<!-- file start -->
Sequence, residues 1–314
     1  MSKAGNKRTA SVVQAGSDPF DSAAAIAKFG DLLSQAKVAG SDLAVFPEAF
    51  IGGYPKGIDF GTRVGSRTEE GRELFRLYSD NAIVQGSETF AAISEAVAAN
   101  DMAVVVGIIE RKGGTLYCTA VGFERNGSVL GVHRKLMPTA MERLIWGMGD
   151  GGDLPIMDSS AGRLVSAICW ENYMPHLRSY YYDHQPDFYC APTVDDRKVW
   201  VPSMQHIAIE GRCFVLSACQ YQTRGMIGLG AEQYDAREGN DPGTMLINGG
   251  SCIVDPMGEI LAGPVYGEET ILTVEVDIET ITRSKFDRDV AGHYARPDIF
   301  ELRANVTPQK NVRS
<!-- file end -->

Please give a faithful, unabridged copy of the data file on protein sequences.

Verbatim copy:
Sequence, residues 1–314
     1  MSKAGNKRTA SVVQAGSDPF DSAAAIAKFG DLLSQAKVAG SDLAVFPEAF
    51  IGGYPKGIDF GTRVGSRTEE GRELFRLYSD NAIVQGSETF AAISEAVAAN
   101  DMAVVVGIIE RKGGTLYCTA VGFERNGSVL GVHRKLMPTA MERLIWGMGD
   151  GGDLPIMDSS AGRLVSAICW ENYMPHLRSY YYDHQPDFYC APTVDDRKVW
   201  VPSMQHIAIE GRCFVLSACQ YQTRGMIGLG AEQYDAREGN DPGTMLINGG
   251  SCIVDPMGEI LAGPVYGEET ILTVEVDIET ITRSKFDRDV AGHYARPDIF
   301  ELRANVTPQK NVRS